Today is St. George’s Day, a rather patriotic day in England. It’s also William Shakespeare’s 450th birthday; he’s getting quite old. In Kingston, Jamaica, the city is finally coming back to life after the torpor of the Easter holiday.
Still simmering: Resentment over the bank withdrawal tax still simmers. The Jamaican Twittersphere got itself quite tied up in knots over it. Finance Minister Peter Phillips held a press briefing yesterday which was closely followed on the live stream. The Minister tried to explain his broader strategy to modernize the tax administration system; he is seeking overseas assistance to do so. He also tried to explain why he reportedly said there would be no new taxes in the upcoming budget, in January; he said he was referring to petroleum tax specifically and that headlines had been misleading. Those PAYE workers who receive their pay through the bank find the tax unfair. The kind of thing that bugs me, though, is stuff like this: The case against a firm owned by a People’s National Party activist, which allegedly owes over J$100 millions in General Consumption Tax, is still dragging through the courts after six years.
We have suffered from so many bad taxes – what results have we seen from all the taxes we have paid over the past few decades? Opposition Finance Spokesman Audley Shaw did not offer much of an alternative in his Budget presentation, but did say the Simpson Miller administration needed to “cut the fat” by reducing the size of government, cutting back on large overseas delegations, etc. President of the Private Sector Organization of Jamaica Chris Zacca tweeted that the tax is “ill-advised” in his opinion (and yes, traditional media has to post screenshots of tweets to keep up with social media, now). And today the Bankers’ Association of Jamaica expressed concern over the impact of the tax on the formal banking system. As well they might. The Jamaica Teachers’s Association is not happy, either. Anyone in favor…?
The “most vulnerable”: This is the Finance Minister’s and the International Monetary Fund’s favorite catch-phrase. They want to protect the “m.v”s at all costs. Who comes into this category now? To my mind, the Jamaican middle class is more vulnerable than ever!
The Minister’s “thing”: A curious conversation between CVM Television reporter Garfield Burford and Prime Minister Portia Simpson Miller has left me wondering. Mr. Burford waylaid the PM outside Parliament to ask her to comment on the withdrawal tax. Mrs. Simpson Miller began, “Well, what I understand from the Minister’s thing today… (thing, Madam, PM?)” and ended up confusing herself and the viewer completely. She interrupted her non sequitur sentences to emphasize, “I think the Minister himself” will explain everything when he closes the debate. I don’t think she understands the tax at all; or, she was not possibly briefed; or, she disagrees and was hinting it would be pulled back? A puzzling interview, altogether.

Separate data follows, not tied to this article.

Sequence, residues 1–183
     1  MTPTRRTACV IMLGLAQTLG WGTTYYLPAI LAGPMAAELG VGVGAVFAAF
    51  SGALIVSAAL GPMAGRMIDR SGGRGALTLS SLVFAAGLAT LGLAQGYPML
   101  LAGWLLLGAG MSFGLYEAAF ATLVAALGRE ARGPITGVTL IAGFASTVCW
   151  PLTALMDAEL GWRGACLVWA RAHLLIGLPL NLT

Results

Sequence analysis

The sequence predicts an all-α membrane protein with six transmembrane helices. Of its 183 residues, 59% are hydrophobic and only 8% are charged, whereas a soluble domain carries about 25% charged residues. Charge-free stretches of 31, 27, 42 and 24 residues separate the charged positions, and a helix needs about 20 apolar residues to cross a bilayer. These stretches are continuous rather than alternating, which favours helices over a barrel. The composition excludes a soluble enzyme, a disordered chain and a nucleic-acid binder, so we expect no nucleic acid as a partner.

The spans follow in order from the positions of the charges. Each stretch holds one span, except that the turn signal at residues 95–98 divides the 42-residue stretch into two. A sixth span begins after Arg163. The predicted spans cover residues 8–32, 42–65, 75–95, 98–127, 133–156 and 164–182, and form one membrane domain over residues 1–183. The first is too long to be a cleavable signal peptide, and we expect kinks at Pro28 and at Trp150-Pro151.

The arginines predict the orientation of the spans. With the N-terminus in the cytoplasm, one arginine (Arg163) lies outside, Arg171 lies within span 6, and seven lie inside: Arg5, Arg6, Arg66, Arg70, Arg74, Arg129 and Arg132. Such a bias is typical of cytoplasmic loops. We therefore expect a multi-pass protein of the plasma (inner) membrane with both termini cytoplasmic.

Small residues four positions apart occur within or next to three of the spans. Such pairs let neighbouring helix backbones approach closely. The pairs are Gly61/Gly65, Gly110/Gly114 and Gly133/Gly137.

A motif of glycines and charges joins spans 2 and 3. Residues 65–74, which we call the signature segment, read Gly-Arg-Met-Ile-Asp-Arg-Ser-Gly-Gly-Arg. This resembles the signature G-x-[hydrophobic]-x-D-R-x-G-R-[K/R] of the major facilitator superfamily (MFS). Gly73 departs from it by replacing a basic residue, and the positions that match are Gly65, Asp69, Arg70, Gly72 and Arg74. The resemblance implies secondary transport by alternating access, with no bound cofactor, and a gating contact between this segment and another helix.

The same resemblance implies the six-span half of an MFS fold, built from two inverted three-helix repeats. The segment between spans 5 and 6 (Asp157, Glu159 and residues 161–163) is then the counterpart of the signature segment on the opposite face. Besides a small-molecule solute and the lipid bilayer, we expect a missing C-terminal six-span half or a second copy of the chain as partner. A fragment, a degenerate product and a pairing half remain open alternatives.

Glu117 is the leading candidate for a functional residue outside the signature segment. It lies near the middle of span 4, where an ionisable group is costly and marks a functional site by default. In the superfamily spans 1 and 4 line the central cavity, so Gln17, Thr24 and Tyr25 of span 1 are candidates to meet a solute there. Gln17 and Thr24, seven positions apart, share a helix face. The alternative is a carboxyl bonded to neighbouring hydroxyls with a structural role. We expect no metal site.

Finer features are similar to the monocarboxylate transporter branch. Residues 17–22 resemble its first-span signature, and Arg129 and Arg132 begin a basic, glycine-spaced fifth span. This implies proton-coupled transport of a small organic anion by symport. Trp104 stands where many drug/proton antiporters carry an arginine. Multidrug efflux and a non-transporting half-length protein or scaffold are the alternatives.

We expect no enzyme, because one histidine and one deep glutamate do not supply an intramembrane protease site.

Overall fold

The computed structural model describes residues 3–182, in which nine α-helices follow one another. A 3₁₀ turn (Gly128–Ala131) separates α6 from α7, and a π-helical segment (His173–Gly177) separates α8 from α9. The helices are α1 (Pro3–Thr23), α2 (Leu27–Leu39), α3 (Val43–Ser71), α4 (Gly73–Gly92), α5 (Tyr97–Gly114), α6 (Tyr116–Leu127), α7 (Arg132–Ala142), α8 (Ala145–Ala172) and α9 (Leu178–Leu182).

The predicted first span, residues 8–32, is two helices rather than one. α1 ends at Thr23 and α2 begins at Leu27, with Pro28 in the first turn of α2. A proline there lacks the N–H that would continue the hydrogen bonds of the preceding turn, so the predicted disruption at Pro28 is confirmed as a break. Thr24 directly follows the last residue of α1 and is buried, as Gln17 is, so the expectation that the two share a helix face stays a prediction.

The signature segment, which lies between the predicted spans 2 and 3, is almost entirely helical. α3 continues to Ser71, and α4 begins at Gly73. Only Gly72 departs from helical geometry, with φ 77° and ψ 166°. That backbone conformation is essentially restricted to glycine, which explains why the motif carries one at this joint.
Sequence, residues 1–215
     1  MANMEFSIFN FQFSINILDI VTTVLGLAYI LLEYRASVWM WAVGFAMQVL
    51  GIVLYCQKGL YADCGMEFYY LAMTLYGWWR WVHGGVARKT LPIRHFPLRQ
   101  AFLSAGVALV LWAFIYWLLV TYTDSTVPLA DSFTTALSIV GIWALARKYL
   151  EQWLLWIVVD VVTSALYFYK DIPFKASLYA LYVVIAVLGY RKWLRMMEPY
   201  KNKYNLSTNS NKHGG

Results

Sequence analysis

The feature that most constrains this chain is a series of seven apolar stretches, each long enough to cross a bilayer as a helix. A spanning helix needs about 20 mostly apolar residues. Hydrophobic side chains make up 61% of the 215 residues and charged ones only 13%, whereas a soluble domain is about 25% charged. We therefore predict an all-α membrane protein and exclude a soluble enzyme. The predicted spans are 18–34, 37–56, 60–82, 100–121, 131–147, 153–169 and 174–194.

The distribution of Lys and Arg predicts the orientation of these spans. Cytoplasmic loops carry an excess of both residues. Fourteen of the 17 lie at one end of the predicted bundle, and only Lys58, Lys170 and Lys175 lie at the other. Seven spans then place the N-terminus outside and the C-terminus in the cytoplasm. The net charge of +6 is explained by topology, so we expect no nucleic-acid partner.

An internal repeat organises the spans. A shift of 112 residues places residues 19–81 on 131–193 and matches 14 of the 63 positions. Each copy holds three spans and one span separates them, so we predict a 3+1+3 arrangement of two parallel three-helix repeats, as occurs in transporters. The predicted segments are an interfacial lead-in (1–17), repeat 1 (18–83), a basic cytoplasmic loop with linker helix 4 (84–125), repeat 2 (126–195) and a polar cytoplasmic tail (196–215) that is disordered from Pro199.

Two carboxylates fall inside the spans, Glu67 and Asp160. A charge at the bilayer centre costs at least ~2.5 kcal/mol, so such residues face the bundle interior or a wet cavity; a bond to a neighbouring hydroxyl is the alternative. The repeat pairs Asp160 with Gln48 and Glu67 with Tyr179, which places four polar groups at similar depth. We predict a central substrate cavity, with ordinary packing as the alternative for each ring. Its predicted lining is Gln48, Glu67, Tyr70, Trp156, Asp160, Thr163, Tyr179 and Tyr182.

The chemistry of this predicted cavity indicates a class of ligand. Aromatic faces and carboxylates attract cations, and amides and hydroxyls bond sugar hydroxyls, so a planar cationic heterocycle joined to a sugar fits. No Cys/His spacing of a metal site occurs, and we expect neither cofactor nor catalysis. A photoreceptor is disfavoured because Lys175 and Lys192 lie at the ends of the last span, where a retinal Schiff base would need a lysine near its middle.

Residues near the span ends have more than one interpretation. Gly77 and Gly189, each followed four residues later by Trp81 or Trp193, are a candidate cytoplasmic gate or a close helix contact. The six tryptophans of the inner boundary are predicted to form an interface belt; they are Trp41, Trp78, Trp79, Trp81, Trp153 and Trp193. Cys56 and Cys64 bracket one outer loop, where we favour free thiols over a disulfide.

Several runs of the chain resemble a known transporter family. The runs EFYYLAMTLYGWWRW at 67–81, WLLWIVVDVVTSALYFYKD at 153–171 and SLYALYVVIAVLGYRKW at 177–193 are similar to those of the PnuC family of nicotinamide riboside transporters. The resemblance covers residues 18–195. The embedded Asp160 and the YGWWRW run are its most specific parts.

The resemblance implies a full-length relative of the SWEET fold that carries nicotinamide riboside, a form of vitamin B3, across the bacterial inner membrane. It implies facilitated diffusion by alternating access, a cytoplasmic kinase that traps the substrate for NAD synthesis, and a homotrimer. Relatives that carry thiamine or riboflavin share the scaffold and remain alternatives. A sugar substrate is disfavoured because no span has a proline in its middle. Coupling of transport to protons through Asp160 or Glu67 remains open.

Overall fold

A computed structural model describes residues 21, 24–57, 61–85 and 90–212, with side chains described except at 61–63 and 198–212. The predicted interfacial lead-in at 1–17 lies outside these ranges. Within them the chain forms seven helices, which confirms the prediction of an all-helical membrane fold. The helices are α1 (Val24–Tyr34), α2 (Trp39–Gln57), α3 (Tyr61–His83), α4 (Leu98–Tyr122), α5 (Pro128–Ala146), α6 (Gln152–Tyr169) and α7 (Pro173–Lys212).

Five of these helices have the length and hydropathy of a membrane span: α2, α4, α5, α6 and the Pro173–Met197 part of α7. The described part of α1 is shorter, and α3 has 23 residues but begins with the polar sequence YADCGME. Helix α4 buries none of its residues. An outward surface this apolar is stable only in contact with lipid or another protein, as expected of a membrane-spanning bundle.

NEPA getting tough: Smoke still wafts across parts of Kingston from the Riverton City dump, five days after another fire started there. The National Environment and Planning Agency (NEPA) has served an enforcement notice on the National Solid Waste Management Agency (NSWMA), insisting that the operators of the dump strengthen security and that it provides full details of how the fire started. NEPA is threatening to withdraw the permit that it only just gave the NSWMA in March.
NEPA has also ordered Jamaica North South Highway Company Limited to stop the unauthorized clearing of land outside the highway in breach of its permit, which China Harbour Engineering Company is building. It seems they are over-zealous in their environmental destruction. No comment.
Kudos and commendations!
Fifteen years of remarkable work: Happy fifteenth birthday to Jamaicans for Justice, the human rights lobby group that was born in 1999 – at the foot of Jack’s Hill in Kingston, where a group gathered – during the April “gas riots” protesting then Finance Minister Omar Davies’ imposition of a tax on gasoline.
Opposition Spokesman on the Environment Dr. Andrew Wheatley, who has asked the question,“My position is that we need to decide, what is the greater priority: The health of the nation or cheaper energy?” in relation to the question of coal (why are we even considering coal? The World Bank is no longer funding any projects involving coal). Oh yes, China Harbour Engineering Company want to use a coal-fired plant to provide electricity for their planned port on the beautiful Goat Islands in Jamaica’s largest Protected Area. What a travesty!
American Friends of Jamaica – led by former U.S. Ambassadors to Jamaica – recently gave J$14 million-plus in grants to community-based organizations. Every year they raise funds for grassroots Jamaican organizations with little fanfare. Thank you so much!
The “Old Lady of North Street”, our venerable newspaper the Gleaner, which is celebrating its 180th anniversary this year. It is in fact the oldest company in Jamaica. I hope it will seek to maintain and uphold journalistic standards for many more decades to come.
Two unidentified men were killed since Sunday: One in Waterford/Portmore, St. Catherine and the other on Woodlawn Road in Mandeville, Manchester. I have not been able to find their names, but I have no doubt they are mourned.
ON THE ROAD: My friend and fellow blogger Dennis Jones does not believe that Jamaican drivers are generally indisciplined. I have to disagree. Speeding remains a huge problem, and the holiday weekend’s occurrences underline this. Four people died and many others were injured in crashes over Easter – including a minibus carrying twenty people to a beach outing on the north coast. The bus was apparently trying to overtake a car, which was turning right.